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The "Beauty" of Price continues

By Henry Carrigan, December 2014

Before Ray Price died - just over one year ago, on Dec. 16, 2013 - he told his wife, Janie, that she would have to carry on his legacy by going out, promoting the album that he had just recorded, "Beauty Is…," and visiting with his legions of fans. He told me, Janie says, "you're gonna be the closest thing to me that people are going to want to reach out to."

Janie Price, who married the singer on June 11, 1970, started going out on the road to promote "Beauty Is…" and to visit with Ray's fans in April 2014. Ever since, she's been on the road almost nonstop. "It's given me a reason for getting up in the morning."

When she started out, though, she wasn't quite prepared for the outpouring of love and admiration with which she met every step of the way.

Price started out at Hastings in Tyler, Texas, on April 15; "we started in the morning, and the fans just kept coming and coming," she says. "The same thing happened that same afternoon when we went to the Cracker Barrel. I felt like I was at a family reunion; there was something about those fans. I've been married to Ray for 43 ˝ years, and I understood more about him that day, how much a part of these people's lives Ray was and how important they were to him."

Janie Price talks with Eddie Stubbs on WSM

Earlier this month, in the week before the anniversary of her husband's death, Price spent a few days in Nashville, talking to reporters and taping television and radio shows. "I've taped the Country Family Reunion over at Larry's Country Diner; 30 of Ray's old friends, folks like Jeannie Seely and John Conlee, all told a story about Ray and sang one of his songs." A five-DVD set of that celebration of Ray Price's life will soon be available from the Country Family Reunion web site. Price also appeared as Mike Huckabee's guest.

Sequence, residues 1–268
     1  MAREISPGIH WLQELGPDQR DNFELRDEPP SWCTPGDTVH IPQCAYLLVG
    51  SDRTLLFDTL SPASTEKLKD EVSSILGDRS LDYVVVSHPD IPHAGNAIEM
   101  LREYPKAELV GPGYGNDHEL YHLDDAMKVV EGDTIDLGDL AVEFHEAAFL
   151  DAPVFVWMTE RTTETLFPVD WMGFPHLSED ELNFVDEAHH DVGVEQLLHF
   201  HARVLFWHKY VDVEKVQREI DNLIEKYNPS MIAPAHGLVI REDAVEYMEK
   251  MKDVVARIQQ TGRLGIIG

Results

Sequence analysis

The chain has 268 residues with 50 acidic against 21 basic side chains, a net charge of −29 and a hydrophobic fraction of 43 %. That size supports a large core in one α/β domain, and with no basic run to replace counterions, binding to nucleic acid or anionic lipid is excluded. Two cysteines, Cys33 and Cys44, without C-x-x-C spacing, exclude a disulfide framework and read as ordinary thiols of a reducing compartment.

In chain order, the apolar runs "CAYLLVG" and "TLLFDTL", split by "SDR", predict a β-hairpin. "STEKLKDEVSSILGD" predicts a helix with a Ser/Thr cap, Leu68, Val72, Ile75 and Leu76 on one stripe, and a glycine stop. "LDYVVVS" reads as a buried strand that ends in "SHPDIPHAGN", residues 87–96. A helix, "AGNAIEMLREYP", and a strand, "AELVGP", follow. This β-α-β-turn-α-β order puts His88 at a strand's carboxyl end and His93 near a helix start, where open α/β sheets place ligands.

When asked Janie Price about Ray Price's most memorable traits, she says, "he's not a person to make a quick decision about anything. Ray was a quiet man, but he would walk into a room, and he would fill that whole room up; that's just the kind of commanding presence he had, even though he was always shy."

"Ray loved cooking: one of his favorite meals was pork chops, turnip greens and cornbread. He loved to garden, and we always had a garden; he would go out there and pick the vegetables, and we'd can them. He planted an orchard when he found out he had cancer, and now those trees are full of fruit. You know, Ray never gave up on anything."

In November 2012, Ray Price revealed to the world in that he had been diagnosed with pancreatic cancer, but during that year he called his friend and producer Fred Foster and told Foster: "I think I have one album left in me, and I want you to do it with me."

Both Vince Gill and Martina McBride jumped at the chance to record with Price, and although they never got to record with him live in the studio, the two stars recorded their harmony parts and sent them in. "Vince said," says Janie, "that he learned how to sing harmony by listening to Ray Price records; I want to blend in with Ray Price."

According to Foster, "Ray Price sang every song from beginning to end in one take."

What is Ray Price's legacy to country music? If Ray Price were just starting out today, would he get a record deal? "He was one of the founding fathers of this industry we call traditional country music," says Janie Price. "He moved country from the old honky tonk sound to reach people who might never have listened to country music in the first place. All of these young artists will never know - even though they should - the debt they owe to Ray Price."

"You know he and Blake Shelton had that little argument about country music; well, Blake's momma set her son straight about Ray's contribution to country music, and after that, Blake and Ray got along just fine." Ray used to say, "I just want to come out and sing and for people to listen. Country music is America's music."

Janie Price makes clear how much her husband loved life: "He didn't want to die; he loved life. I saw him submit to the will of God. ‘Honey,' he said, ‘I'm only going over to cross over.' He had his clear thinking until the day he died."

"He loved his fans," Janie says. "I want future generations to be introduced to his music; I want his fans to know that they were the most important things to him. I'm doing this for the people who have supported me all my life," she says.